Basingstoke Team Parish

*General Advice

Postural tachycardia syndrome can be very debilitating. Fortunately, there are many adjustments to lifestyle that can lead to an improvement in symptoms. It's hard work, but can make a real difference!

Treatment for PoTS falls into two different categories: Non-pharmacological (without medicines) and pharmacological (using medicines), with non-pharmacological therapies being the cornerstone of any PoTS treatments. In milder cases of PoTS, those therapies might be sufficient to control symptoms, and might be all that is needed.

PoTS has an impact on every aspect of life which include the physical, social and psychological. Symptoms tend to fluctuate from day to day making management a challenge. Medication can improve symptoms, but there are many non-pharmacological (without medication) methods which may help.

Factors which may have an impact on symptomsstanding up too quickly

  • Time of day – symptoms tend to be worse in the morning
  • Rapidly moving for a lying/sitting to standing position
  • Dehydration
  • Food ingestion 
  • Extreme heat
  • Alcohol
  • Physical exertion
  • Menstrual period
  • Prolonged bed rest or deconditioning (becoming unfit)
  • Prolonged standing (*or sitting)

*Daily management of symptoms balance your life

  • Pace yourself throughout the day. Try not to fit too much in – there will always be another day.  Take your time and avoid rushing.
  • Goals – be realistic; ensure that they are achievable.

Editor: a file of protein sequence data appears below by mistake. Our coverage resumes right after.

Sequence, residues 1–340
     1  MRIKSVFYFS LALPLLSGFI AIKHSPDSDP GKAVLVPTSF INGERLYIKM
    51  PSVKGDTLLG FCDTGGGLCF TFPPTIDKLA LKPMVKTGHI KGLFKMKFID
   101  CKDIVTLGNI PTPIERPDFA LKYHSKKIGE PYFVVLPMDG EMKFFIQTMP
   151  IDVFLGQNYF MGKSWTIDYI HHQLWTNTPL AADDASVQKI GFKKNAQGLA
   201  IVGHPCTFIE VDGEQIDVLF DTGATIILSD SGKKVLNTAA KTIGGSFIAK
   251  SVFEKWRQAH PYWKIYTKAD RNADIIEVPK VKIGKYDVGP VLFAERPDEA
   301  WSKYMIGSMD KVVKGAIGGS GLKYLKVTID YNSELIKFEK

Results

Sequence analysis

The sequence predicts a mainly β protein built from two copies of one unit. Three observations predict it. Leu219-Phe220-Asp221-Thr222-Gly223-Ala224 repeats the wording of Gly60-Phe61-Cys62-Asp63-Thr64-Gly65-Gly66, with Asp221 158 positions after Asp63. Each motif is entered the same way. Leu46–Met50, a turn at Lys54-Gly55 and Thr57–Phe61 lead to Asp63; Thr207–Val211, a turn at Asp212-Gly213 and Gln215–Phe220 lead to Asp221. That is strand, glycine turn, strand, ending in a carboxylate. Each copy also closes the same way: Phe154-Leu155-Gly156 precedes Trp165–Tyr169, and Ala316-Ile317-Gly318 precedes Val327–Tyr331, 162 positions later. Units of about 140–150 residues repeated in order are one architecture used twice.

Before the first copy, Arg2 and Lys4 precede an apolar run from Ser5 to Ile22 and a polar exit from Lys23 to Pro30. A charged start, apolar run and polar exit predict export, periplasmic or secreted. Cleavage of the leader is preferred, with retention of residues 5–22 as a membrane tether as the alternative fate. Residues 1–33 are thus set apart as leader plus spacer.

• Planning – if there is something specific you need to do on a day, plan for it – rest well beforehand and create time to recover afterwards.
  • Limits – learn to know and live within your limits.
  • Avoid stress – the autonomic nervous system is the body's fight/flight mechanism, and is activated during periods of stress.  PoTS sufferers tend to be very sensitive to stressors, whether they are psychological or physical, positive or negative.
  • Infections worsen symptoms – rest and accept a reduction in activity levels. You may take longer than expected to recover.
  • Stairs are a challenge– try to limit the amount of times needed to run up and down stairs.  Walk up slowly and steadily. Take a lift where possible!
  • Mobility aids – For those with the most severe symptoms, the use of a wheelchair or mobility scooter may be helpful to manage daily living.
  • Elevating the head of the bed has also been recommended.

Stickman Cartoons from "You know you have PoTS when..." by Hannah Ensor, used under licence from stickmancommunications.co.uk

* Currently no available medical evidence. Based on patient experience and opinion.


Written by: Lorna Nicholson
Medically approved by: Dr Kavi, Prof Newton
Updated: 1/9/15
Review date: 1/9/18
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